Annuities are investment tools that provide people with fixed payments made at specified intervals. The most common type of annuity is deferred. Under this arrangement, you pay into the fund over a period of time and then take payments beginning at a specific date, often upon your retirement. Determining your annuity payment is a complex calculation, but it can be made easier by carefully considering the pertinent parameters and using a financial calculator. If you want to learn how to calculate annuities on a financial calculator, follow these steps.
1Gather the applicable data. You need to know certain variables before you can calculate annuity payments. They include:
Future value: This is the amount of money you will need to meet a future expense, like your child's college tuition. You can find future value using a formula that accounts for initial investment, periodic deposits and interest rates.
Present value: This is a known amount that you are drawing payments from, as with loans and some retirement instruments.
Interest rate: Often expressed as an annual rate, this figure may be compounded at other periodic intervals (e.g., monthly or quarterly). The annual rate should be divided by the number of periodic rates used. For example, if the annual rate is 6 percent and you're trying to determine the compound-interest rate on a quarterly basis, divide 6 by 4. The quarterly interest rate is 1.5 percent.
Payment periods: The number of projected payments. For example, if you're drawing monthly annuity payments over a 20-year span, you will be getting 240 fixed payments from an ordinary annuity.
2Use an online financial calculator to help you determine the amount of money you'll need to meet future financial goals. An online financial calculator will guide you through computations without bogging you down with special applications and algebraic equations. Simply input the pertinent values as indicated. The online calculator will require certain variables, depending on the type of annuity you're interested in:
Principle: This represents the initial investment in the annuity.
Amount Available to Invest: This dollar figure represents either the periodic payment you'll be contributing to the annuity, or the present value, which is the amount available for withdrawals.
Annual Interest Rate
3Calculate periodic payments for an immediate annuity. If you inherit money and want to receive it in small increments rather than a lump sum, you can set up an immediate annuity. An insurance company will provide you with a payment schedule set over a certain period of time based on a fixed interest rate. Input the relevant figures in the calculator, click the calculate button, and your periodic payment would be rendered. For example:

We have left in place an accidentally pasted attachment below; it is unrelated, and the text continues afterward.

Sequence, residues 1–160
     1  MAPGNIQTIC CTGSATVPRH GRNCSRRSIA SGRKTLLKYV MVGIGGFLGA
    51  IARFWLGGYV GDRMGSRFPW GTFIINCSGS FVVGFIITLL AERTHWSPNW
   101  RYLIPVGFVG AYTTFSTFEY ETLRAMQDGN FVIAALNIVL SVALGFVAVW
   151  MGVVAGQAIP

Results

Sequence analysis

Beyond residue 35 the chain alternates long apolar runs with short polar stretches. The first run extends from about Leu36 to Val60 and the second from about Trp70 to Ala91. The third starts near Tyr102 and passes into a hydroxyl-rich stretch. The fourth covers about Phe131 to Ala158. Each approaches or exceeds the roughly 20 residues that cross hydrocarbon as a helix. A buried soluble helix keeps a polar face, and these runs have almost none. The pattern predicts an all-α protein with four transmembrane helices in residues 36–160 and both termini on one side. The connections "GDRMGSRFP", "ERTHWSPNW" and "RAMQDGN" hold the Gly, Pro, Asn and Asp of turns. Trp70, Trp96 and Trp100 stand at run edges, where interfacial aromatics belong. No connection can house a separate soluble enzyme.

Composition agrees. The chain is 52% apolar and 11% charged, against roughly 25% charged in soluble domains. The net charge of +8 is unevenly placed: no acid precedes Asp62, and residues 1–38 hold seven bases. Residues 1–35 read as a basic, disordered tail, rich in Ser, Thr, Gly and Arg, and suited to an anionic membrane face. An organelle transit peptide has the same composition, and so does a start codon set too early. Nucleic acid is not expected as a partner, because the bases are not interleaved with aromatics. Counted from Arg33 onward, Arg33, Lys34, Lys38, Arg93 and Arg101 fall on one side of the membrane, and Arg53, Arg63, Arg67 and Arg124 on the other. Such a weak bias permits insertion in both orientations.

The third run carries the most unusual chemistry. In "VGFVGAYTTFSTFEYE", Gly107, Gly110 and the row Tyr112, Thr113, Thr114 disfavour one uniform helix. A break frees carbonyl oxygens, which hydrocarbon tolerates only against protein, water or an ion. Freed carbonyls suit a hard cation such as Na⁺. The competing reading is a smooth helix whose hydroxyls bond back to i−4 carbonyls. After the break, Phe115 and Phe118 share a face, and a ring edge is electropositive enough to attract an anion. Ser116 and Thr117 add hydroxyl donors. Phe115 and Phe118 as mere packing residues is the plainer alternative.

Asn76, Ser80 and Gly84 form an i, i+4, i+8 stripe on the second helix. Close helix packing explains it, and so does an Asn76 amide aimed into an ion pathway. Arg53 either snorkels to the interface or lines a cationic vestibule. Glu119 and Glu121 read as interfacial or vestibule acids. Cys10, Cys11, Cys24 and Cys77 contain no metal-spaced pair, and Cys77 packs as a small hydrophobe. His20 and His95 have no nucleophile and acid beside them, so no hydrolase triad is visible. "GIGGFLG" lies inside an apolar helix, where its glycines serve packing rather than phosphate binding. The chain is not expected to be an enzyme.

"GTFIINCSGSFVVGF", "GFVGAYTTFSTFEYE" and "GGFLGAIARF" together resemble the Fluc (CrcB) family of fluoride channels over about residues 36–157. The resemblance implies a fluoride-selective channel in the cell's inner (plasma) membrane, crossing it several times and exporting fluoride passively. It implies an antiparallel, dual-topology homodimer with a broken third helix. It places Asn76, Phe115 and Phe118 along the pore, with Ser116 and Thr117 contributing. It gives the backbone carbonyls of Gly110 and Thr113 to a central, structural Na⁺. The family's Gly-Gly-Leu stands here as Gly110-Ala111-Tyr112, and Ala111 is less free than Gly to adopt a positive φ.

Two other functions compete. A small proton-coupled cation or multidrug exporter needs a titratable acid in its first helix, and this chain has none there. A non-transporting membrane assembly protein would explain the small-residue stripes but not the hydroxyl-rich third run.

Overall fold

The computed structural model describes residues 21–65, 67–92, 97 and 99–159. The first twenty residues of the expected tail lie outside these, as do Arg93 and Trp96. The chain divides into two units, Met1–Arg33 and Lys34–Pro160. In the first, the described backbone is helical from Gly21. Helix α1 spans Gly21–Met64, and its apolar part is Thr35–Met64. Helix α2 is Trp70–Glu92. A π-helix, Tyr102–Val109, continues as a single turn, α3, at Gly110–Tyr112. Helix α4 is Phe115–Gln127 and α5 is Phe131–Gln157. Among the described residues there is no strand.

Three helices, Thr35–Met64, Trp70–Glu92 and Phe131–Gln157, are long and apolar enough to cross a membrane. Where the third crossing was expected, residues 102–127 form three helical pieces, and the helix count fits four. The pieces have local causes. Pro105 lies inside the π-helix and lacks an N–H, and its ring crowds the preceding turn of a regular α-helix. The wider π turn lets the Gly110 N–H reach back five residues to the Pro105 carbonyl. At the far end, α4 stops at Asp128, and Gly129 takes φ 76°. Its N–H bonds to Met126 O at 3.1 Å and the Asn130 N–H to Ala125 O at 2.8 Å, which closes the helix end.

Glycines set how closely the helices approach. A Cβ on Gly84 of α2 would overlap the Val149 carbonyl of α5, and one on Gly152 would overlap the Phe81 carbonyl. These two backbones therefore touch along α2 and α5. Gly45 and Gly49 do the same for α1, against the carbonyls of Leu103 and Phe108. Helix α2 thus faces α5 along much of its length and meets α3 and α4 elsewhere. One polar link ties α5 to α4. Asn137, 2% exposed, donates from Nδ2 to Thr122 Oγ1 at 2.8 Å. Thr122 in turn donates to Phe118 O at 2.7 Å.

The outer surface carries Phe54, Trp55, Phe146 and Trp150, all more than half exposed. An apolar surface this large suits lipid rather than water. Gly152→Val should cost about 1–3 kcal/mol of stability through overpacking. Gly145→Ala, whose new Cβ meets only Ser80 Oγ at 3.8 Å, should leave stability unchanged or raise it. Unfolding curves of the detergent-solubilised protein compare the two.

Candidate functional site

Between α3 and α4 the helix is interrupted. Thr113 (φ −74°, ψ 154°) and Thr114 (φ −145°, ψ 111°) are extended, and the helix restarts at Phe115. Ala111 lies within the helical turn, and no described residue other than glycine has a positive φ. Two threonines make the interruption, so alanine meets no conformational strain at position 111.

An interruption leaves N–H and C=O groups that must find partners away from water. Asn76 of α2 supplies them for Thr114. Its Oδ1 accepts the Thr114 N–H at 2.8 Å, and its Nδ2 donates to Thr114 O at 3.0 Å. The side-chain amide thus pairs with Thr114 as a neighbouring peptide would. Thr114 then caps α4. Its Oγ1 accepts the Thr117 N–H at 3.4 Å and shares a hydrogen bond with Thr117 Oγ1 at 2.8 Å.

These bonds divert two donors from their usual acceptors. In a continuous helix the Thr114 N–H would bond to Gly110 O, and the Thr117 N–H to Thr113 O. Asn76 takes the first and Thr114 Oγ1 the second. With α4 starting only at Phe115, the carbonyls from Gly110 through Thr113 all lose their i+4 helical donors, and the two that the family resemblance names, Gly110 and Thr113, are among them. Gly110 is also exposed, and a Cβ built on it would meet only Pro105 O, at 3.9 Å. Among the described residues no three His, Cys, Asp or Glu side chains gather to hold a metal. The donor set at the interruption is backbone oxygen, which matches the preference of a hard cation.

Input the amount of money you have to invest. Say this figure is $1,000,000.
Enter the annual interest rate, for example, 2 percent.
Add the payment period to the calculation, in years.
Click the calculate button. The calculator will compute monthly, quarterly and annual payments based on the figures you entered. In this example, the annual payment would be about $61,000, or about $5,000 per month.
4Determine the future value of an annuity. You can use an online financial calculator to determine the future value of your annuity at the time of retirement. This can help you better gauge your path to retirement and balance your investment portfolio accordingly. To make this calculation, you will need to know the amount if your initial investment, amount of monthly installments, annual percentage rate, and the duration of the payment period. For example:
You make an initial deposit into the annuity of $20,000.
You plan to contribute $200 to the annuity each month.
Your money is getting a 4.0 percent annual interest rate.
You will make deposits into the annuity for 30 years, or 360 payments.
Click the calculate button. Based on the figures you put in, the calculator will show the future fund value at $204,855.95. From that point, you can deduce your periodic payments.
Method 1 of 1:Calculate Annuity Payments Using a Hand-held Financial Calculator
1Become familiar with keying functions on your hand-held calculator. Refer to your model's user guide on how to make computations for specific annuity types, but keep in mind important keying functions when doing complex computations:
Alternate-function keys: The f (gold) and g (blue) alternate-function keys are laminated on the face of the calculator over the function keys.
Store i (compound interest rate) and n (number of payment periods) by entering the figure and pressing the alternate-function key.
Use alternate-function g BEG to compute payments made at the start of a period, like when you're trying calculate the future value of an annuity. Use g END for payments that are made at the end of a period.
2Practice annuity computations on a hand-held calculator. Find the payment amount on an ordinary annuity by following these steps:
Press f CLEAR to clear previous calculations.
Enter the number of payment periods using n, or multiply by 12, and enter the periodic interest rate using i, which is the annual rate divided by 12.
Enter either the present value, or the PV key, or the future value, or the FV key, or both.
Set the proper payment mode by either pressing g BEG or g END.
Press PMT to get the payment amount.